BBC Sport athletics

Related BBC sites

Page last updated at 12:41 GMT, Wednesday, 3 June 2009 13:41 UK

GB women show Berlin credentials

Mark Butler
By Mark Butler
BBC Sport's athletics statistician takes a look at the numbers behind the big races

GB women's past world medal hauls

Britain's women look likely to at least match their best ever medal tally at this year's World Championships, based on what we have seen in the early stages of the season.

The year has not been kind as yet for Kelly Sotherton or Paula Radcliffe, and Olympic javelin finalist Goldie Sayers has also been struck with injury.

But in Jessica Ennis, Christine Ohuruogu and Mara Yamauchi we have three solid prospects for medals in Berlin in August.


Ennis's re-emergence in Italy in May - 12 months after suffering a stress fracture in her right foot - with a heptathlon score of 6,587 has been the most exciting development.

Ennis is arguably the best in the world on day one of the heptathlon

Such a total would have won a medal in 10 of the 11 past World Championships.

With Carolina Klüft still on holiday from the event, arguably only Hyleas Fountain of the USA is capable of producing a score of more than 4,000 on the first day, as Ennis did in Desenzano Del Garda.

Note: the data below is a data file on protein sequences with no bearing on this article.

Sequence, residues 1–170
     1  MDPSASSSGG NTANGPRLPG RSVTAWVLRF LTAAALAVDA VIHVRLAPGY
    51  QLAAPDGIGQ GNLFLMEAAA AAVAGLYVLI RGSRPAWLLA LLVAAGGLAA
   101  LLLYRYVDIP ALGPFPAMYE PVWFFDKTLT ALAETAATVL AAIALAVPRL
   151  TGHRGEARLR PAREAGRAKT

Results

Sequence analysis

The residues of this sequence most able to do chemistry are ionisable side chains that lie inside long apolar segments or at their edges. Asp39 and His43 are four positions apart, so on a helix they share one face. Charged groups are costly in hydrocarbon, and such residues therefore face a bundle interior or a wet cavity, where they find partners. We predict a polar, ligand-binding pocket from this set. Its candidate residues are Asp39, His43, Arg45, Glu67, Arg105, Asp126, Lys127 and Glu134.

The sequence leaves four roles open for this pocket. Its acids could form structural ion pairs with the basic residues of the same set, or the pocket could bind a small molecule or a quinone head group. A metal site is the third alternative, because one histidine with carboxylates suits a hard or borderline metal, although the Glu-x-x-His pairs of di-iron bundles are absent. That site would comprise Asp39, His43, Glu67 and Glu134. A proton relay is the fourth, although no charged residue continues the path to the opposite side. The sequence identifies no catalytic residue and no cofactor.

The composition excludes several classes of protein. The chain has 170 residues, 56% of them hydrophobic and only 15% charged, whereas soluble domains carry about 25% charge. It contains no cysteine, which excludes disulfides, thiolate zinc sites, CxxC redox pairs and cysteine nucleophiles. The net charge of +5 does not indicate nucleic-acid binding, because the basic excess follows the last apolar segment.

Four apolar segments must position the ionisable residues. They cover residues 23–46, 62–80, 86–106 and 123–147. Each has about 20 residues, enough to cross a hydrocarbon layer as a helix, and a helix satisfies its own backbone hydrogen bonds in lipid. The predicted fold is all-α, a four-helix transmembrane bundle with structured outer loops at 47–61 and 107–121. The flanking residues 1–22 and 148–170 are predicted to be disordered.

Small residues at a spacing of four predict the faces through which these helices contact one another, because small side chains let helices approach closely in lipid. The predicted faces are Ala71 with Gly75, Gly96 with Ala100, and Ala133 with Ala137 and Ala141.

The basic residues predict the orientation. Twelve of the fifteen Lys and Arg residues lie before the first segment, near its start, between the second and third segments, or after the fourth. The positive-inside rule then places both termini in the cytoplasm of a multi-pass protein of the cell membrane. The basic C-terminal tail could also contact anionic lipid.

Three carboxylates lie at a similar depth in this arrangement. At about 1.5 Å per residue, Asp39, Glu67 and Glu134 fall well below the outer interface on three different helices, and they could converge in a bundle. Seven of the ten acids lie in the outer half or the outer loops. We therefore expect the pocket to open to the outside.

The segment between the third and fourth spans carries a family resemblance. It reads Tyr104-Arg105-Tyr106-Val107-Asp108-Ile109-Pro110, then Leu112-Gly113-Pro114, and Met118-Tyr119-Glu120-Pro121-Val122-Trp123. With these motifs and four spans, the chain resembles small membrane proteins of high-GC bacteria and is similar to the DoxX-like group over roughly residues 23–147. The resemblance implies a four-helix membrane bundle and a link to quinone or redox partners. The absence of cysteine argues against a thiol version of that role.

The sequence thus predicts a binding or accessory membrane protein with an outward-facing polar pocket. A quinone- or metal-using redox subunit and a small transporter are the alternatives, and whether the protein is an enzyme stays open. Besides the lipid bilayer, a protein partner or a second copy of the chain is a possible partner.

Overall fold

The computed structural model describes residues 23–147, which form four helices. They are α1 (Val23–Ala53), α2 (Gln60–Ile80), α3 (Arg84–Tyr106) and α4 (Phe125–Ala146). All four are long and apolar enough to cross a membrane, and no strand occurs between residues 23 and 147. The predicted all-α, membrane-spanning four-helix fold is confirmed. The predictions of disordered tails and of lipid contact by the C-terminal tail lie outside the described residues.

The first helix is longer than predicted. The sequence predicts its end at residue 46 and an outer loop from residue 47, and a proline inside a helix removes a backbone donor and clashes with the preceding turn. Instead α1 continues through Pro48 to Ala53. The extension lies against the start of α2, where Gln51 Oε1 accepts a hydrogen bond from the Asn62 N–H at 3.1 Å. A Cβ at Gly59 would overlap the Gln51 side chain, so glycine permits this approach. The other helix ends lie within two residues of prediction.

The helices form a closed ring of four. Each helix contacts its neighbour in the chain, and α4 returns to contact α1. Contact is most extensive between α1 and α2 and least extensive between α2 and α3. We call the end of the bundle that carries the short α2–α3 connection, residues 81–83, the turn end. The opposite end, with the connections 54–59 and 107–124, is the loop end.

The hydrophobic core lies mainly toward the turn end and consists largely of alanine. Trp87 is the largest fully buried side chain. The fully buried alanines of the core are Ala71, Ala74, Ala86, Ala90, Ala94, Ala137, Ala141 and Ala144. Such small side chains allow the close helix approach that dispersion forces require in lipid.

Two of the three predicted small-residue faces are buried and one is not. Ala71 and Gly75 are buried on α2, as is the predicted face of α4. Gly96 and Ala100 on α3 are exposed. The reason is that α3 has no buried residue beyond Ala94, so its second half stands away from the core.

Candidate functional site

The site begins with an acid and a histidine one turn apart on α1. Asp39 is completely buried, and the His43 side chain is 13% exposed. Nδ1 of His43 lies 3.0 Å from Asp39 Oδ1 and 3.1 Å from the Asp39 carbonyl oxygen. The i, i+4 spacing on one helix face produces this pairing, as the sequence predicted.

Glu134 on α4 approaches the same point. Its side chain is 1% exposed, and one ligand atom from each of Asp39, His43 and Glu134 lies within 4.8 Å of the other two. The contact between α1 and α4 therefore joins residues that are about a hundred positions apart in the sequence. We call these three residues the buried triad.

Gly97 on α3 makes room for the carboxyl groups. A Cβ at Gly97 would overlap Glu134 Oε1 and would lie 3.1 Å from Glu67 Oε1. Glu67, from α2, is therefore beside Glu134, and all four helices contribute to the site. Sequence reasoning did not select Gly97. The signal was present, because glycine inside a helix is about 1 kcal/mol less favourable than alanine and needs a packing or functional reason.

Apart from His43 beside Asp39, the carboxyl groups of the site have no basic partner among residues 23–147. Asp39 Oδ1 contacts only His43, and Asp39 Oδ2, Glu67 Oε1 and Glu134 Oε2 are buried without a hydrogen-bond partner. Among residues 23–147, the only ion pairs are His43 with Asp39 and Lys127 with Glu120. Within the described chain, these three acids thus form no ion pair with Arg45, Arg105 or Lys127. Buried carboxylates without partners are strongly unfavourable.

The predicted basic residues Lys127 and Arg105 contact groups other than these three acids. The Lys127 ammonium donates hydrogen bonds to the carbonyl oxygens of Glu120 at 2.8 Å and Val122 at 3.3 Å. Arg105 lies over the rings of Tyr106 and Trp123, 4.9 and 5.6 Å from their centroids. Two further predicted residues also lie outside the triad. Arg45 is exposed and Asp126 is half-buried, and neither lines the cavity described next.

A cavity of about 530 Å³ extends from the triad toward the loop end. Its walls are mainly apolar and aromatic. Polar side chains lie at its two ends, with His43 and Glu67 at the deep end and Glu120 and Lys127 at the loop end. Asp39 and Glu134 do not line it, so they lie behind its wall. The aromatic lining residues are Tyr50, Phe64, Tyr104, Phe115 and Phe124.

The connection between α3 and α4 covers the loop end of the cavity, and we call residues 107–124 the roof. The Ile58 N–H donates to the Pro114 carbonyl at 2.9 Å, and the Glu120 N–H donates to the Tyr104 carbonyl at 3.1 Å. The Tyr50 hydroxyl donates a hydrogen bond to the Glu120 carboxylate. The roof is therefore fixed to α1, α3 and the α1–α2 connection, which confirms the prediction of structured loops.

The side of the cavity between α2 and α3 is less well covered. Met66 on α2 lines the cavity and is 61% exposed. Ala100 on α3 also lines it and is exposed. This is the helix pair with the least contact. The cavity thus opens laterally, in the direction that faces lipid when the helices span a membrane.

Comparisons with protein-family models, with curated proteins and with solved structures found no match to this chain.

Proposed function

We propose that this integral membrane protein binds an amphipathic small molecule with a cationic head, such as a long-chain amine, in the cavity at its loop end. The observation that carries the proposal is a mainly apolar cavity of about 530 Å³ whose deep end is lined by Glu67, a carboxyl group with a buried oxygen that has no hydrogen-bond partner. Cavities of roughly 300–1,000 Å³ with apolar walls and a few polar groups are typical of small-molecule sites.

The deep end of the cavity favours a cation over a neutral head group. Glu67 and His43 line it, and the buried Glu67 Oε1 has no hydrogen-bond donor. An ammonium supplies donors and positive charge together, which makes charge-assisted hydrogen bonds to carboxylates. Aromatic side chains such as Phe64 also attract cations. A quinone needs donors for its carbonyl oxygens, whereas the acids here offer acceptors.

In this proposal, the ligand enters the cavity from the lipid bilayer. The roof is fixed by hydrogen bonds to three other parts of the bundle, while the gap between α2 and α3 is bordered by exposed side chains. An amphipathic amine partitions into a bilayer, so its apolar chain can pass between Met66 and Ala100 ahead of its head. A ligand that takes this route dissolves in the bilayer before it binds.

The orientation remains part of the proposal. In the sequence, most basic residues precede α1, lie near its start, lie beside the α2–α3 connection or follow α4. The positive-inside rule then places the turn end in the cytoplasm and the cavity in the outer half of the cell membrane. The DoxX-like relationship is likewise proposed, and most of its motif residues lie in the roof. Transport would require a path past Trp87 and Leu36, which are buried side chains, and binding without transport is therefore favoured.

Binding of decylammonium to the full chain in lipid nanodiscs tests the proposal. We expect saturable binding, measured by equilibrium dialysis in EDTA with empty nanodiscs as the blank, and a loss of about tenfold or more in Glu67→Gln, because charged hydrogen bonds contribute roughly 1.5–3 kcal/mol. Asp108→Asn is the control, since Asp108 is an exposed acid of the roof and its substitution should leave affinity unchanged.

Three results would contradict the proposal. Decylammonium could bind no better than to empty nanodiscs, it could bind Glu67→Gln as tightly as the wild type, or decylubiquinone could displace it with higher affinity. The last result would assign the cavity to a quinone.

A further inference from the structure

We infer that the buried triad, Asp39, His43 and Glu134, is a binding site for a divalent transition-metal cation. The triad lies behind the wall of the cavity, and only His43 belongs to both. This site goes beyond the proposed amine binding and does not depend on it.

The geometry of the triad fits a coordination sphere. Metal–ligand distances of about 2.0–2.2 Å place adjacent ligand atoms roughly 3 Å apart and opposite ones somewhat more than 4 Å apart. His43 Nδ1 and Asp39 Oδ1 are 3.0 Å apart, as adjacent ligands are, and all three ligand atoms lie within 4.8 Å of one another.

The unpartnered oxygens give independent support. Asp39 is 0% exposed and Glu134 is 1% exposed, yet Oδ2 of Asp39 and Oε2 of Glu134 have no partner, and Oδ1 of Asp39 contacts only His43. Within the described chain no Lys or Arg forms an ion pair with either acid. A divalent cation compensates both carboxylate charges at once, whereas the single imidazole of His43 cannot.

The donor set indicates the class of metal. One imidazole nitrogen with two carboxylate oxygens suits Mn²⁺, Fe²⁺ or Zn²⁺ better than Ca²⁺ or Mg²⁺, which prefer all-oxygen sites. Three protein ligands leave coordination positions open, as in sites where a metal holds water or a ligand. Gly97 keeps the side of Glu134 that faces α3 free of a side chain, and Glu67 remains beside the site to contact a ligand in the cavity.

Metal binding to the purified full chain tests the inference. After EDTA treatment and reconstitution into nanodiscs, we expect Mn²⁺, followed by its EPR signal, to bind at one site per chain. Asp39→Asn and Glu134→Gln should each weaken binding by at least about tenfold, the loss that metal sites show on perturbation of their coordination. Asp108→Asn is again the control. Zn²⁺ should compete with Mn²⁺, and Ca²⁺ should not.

Regardless of her heptathlon aspirations, the long-standing British records at 100m hurdles (12.80 seconds) and high jump (1.95m) are within range of the 23-year-old.

Already, she has managed 12.93 sec and 1.90m respectively in 2009.

Jess's second day is her weaker, especially in the long jump, where she has switched her take-off leg following the foot injury which robbed her of her Olympic opportunity last year.

She set another personal best at 800m in Italy and improved her javelin best last weekend in Bedford and there is much more to come from the Sheffield native.

Indeed the athlete who did take Olympic gold - Nataliya Dobrynska of the Ukraine - failed to better Ennis's world lead when winning the important Götzis heptathlon on 31 May.


Ohuruogu has at last set a British record. No, not at 400m, but the rarely run distance of 150m in the rain at Manchester on 17 May.

In-depth interview - Christine Ohuruogu